Mon­u­men­tal Fail­ure

Badal’s poll sop, a mu­seum of Sikh her­itage, may be as pricey as it is point­less

India Today - - INSIDE - by Asit Jolly

Badal’s poll sop, a mu­seum of Sikh her­itage, may be as pricey as it is point­less.

Prime Min­is­ter Man­mo­han Singh is stay­ing away from the in­au­gu­ra­tion of the Khalsa Her­itage Cen­tre ( KHC) at Anand­pur Sahib on Novem­ber 25 but he may not be miss­ing much. “He would have been un­veil­ing an in­com­plete, poorly con­ceived and bun­gled ex­per­i­ment,” says Ge­orge Ja­cob, its founder di­rec­tor. The Rs 365- crore cen­tre, con­ceived as the na­tion’s largest con­tem­po­rary her­itage ven­ture nearly 14 years ago to mark the Khalsa ter­cente­nary in 1999, is nowhere near com­ple­tion. But Pun­jab Chief Min­is­ter Parkash Singh Badal is rush­ing into its open­ing in a bid to beat the model code of con­duct com­ing into force in mid- De­cem­ber ahead of the Assem­bly elec­tions sched­uled for Fe­bru­ary 2012.

Only 14 of the 25 ex­hibit gal­leries are ready but Parkash and his son and Deputy Chief Min­is­ter Sukhbir Badal, are go­ing ahead with god­man Sri Sri Ravi Shankar and Asha Bhosle as guests. “Appropriately enough, Badal

sahib (the Chief Min­is­ter) will press the but­ton to de­clare the cen­tre open. It was his dream to build this ajooba (won­der),” says Pun­jab Fi­nance Min­is­ter Upin­der­jit Kaur.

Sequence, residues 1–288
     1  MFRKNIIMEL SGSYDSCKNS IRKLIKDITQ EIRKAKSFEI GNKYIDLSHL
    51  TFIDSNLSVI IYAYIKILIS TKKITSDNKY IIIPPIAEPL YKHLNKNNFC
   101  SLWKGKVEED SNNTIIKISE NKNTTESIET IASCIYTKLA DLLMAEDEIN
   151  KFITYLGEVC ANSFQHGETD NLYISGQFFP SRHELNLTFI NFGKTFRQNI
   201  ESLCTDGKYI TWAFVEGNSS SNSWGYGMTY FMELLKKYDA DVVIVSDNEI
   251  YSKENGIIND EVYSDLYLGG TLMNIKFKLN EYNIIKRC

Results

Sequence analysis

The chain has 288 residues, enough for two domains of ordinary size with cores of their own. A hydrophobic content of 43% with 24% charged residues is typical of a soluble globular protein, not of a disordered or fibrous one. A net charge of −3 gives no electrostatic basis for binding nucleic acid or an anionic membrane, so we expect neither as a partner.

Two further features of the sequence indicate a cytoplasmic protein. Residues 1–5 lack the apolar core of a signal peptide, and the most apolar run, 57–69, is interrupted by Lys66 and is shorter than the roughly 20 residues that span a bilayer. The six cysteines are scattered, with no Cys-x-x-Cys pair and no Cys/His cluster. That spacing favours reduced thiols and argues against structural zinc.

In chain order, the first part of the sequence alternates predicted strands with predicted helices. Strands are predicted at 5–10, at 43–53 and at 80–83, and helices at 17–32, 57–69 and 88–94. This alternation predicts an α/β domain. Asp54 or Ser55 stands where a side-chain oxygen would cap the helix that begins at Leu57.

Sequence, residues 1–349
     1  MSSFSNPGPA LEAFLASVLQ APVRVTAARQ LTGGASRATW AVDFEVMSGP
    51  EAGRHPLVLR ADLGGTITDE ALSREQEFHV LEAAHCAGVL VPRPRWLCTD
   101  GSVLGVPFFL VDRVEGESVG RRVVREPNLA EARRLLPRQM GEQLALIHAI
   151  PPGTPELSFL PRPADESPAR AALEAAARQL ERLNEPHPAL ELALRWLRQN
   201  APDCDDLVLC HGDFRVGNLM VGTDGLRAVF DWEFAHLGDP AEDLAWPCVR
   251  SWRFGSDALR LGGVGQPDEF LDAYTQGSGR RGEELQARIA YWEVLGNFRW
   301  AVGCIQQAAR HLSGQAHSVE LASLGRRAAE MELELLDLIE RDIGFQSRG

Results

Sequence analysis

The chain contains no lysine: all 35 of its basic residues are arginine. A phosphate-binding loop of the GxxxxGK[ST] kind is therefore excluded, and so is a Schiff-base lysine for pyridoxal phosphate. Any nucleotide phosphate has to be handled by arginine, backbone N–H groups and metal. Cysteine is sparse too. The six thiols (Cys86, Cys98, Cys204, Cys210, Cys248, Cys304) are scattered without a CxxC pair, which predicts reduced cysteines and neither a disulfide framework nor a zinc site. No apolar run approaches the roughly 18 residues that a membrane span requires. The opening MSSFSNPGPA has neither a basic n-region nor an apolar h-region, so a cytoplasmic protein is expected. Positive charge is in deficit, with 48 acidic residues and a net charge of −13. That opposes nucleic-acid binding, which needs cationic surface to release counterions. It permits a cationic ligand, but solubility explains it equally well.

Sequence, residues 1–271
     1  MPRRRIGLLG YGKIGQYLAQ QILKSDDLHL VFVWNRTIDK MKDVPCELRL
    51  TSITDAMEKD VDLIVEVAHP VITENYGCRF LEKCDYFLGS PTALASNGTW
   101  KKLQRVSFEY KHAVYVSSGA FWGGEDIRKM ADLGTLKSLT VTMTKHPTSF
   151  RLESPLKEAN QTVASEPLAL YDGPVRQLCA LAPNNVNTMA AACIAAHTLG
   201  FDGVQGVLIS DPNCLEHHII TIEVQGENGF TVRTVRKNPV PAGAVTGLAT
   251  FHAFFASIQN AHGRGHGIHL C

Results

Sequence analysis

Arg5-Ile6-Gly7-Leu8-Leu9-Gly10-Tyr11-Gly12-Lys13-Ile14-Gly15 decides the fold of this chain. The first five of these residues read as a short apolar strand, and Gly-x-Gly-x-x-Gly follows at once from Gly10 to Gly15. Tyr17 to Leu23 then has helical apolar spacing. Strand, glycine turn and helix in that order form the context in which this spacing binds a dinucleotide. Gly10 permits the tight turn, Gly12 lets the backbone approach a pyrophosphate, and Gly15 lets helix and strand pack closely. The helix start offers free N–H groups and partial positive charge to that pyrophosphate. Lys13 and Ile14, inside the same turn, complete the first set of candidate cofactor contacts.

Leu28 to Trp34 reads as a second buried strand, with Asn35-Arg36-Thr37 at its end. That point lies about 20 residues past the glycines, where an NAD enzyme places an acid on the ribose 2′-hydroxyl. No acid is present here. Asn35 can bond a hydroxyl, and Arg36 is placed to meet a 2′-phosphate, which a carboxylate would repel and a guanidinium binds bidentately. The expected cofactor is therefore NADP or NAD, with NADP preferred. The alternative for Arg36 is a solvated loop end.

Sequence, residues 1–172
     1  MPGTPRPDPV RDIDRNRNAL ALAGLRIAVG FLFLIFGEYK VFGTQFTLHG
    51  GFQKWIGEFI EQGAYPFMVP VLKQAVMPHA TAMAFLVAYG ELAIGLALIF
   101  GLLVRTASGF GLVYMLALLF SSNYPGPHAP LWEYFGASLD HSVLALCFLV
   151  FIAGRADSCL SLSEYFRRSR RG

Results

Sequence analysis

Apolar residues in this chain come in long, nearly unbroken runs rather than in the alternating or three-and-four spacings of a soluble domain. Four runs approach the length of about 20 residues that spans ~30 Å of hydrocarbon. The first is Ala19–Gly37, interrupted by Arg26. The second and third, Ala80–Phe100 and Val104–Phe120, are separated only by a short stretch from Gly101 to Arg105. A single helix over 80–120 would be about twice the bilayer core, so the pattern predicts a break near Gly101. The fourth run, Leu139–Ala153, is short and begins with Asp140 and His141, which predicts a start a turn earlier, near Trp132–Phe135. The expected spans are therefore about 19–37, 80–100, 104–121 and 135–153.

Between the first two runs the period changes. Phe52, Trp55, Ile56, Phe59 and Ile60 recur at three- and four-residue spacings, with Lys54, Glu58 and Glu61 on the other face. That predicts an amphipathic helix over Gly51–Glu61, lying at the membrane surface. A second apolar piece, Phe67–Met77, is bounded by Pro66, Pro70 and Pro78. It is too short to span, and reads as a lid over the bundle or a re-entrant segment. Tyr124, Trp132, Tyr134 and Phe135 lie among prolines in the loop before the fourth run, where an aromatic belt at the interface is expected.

De­signed by the Bos­ton-based Jewish ar­chi­tect Moshe Safdi, the cen­tre, a 100-acre com­plex, will house 25 ex­hibit gal­leries spread over 6,50,000 sq ft. The project has been plagued by de­lays pri­mar­ily caused by bu­reau­crats’ re­luc­tance to del­e­gate con­trol to in­ter­na­tion­ally renowned ex­perts who had been es­pe­cially hired for it. There have been 14 res­ig­na­tions and de­par­tures dur­ing the past two years. Los An­ge­les-based Kristin Ann Kelly of the J. Paul Getty Trust, who was hired as chief mu­seum con­sul­tant for the project, left in dis­gust late in 2010 stat­ing she had been “silly and naïve” in be- THE KHALSA HER­ITAGE CEN­TRE (ABOVE); AN EXHIBITATTHE CEN­TRE liev­ing that the Pun­jab govern­ment wanted to do some­thing new and world-class. Even Ja­cob, a Cana­di­anIn­dian mu­seum ex­pert who was ap­pointed KHC di­rec­tor for a five-year term in Jan­uary 2010, was in­ex­pli­ca­bly shown the door 10 months later. Ben­e­fits were re­stored to him by the Pun­jab and Haryana High Court though the case is still un­der lit­i­ga­tion. Key po­si­tions like ad­min­is­tra­tion, fi­nance, se­cu­rity, hu­man re­sources, mar­ket­ing, ed­u­ca­tion and outreach, sup­port sys­tems and en­gi­neer­ing ser­vices are un­manned.

At cur­rent prices, KHC is ex­pected to an­nu­ally re­quire Rs 20 crore be­sides salary ex­penses. With the govern­ment de­cid­ing against tick­eted en­try, no one at the cen­tre or the Anand­pur Sahib Foun­da­tion, which is re­spon­si­ble for su­per­vis­ing the KHC project, has the slight­est no­tion where the funds will come from. En­vis­aged as a self-sus­tain­ing in­sti­tu­tion that would tell the tale of one of the world’s youngest re­li­gions, the Chief Min­is­ter’s gift to vot­ers risks be­ing doomed as yet an­other bureau­cracy-driven fail­ure.

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